Effect of variations in hearing-aid frequency response on real-life functional performance of children with severe or profound hearing loss

Teresa Y C Ching, Mandy Hill, Harvey Dillon

Research output: Contribution to journalArticle

19 Citations (Scopus)

Abstract

This study examined the effect of variations in hearing-aid frequency response on real-life functional performance of children with severe to profound hearing loss. A cross-over design was used in a double-blind comparison of the NAL prescription with alternatives that produced either a BOOST or a CUT (6dB/octave from 0.5 to 2kHz), relative to the NAL response. The functional performance of 30 children (aged 7 months to 16 years) when wearing hearing aids adjusted to each response over two to four weeks was assessed by using parents' and teachers' observations (PEACH and TEACH scales). Intelligibility judgments and self-reports were also obtained from school-aged children. Results indicated that on average, variations in frequency response resulted in differences in functional performance in real life. There were significant correlations between PEACH and TEACH, and also between children's intelligibility judgments and subjective reports from children and their parents and teachers. The findings support the use of the NAL response for initial fitting, and the evaluation of children's amplification needs by a systematic use of parents' and teachers' observations.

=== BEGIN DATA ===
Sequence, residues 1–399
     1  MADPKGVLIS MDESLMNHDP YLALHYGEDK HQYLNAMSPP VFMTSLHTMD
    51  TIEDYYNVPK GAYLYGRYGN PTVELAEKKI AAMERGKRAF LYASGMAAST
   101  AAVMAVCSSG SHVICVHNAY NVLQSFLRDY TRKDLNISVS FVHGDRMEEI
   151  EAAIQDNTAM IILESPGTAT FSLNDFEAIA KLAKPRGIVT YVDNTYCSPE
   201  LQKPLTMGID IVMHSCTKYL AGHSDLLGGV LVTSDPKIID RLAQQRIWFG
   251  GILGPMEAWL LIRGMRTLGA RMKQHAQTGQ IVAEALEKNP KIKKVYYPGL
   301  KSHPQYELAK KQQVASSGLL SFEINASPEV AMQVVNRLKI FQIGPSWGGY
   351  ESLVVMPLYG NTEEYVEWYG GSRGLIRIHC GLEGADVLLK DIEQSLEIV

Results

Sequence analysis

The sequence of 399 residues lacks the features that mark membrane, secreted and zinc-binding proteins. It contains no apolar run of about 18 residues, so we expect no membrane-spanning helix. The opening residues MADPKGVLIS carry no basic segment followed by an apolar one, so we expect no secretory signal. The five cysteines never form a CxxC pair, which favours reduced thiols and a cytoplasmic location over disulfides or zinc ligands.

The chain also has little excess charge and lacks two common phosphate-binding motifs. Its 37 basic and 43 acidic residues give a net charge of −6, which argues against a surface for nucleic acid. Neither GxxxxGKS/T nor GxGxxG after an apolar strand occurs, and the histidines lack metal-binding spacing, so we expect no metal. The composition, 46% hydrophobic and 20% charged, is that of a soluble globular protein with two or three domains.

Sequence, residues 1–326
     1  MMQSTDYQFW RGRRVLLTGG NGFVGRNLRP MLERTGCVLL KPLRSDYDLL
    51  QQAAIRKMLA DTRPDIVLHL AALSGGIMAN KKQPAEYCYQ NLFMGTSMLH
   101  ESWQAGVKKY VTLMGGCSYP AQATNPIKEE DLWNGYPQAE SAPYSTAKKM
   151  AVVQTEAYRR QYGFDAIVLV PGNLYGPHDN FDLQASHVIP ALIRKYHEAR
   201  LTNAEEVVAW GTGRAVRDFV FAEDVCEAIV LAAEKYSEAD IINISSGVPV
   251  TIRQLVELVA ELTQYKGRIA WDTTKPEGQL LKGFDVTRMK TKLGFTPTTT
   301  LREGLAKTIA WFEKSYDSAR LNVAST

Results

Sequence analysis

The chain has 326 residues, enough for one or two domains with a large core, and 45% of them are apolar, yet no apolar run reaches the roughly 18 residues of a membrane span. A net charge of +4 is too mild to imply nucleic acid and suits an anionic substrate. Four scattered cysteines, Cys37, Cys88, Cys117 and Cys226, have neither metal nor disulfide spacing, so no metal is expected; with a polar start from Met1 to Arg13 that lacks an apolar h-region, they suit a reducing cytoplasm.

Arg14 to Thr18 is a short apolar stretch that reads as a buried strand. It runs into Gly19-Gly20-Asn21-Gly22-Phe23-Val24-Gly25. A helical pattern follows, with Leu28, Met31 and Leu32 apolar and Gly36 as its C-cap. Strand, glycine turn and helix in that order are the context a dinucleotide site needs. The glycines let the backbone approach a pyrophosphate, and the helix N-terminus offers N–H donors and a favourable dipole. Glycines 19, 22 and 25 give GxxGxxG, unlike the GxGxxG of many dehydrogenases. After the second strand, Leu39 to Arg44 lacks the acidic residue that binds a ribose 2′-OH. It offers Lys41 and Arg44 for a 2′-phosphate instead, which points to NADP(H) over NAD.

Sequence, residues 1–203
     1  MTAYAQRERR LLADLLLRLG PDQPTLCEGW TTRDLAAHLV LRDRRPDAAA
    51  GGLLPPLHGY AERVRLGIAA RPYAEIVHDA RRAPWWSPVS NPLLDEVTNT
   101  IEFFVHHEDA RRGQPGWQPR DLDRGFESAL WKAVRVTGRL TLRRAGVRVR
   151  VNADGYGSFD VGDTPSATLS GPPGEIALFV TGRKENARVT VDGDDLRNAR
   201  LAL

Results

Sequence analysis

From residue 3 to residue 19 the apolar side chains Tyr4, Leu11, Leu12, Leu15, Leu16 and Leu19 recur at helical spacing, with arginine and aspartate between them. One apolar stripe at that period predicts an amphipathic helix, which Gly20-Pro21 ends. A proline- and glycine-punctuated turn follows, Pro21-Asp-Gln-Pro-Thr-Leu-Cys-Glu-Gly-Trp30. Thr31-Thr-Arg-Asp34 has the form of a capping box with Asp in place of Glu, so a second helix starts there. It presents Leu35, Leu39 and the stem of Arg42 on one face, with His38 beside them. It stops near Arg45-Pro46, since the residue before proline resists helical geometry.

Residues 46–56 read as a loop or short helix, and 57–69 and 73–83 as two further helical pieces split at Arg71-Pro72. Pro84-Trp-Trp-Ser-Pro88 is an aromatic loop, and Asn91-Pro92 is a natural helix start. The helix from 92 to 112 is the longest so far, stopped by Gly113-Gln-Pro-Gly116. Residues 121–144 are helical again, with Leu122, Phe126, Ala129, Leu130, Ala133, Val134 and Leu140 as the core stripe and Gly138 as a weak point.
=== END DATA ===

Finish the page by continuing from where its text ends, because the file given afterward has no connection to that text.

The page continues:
Original languageEnglish
Pages (from-to)461-475
Number of pages15
JournalInternational Journal of Audiology
Volume47
Issue number8
DOIs
Publication statusPublished - Aug 2008
Externally publishedYes

Keywords

  • Children
  • Frequency response
  • Functional performance
  • Hearing aid evaluation
  • Parents' reports
  • PEACH
  • Severe or profound loss

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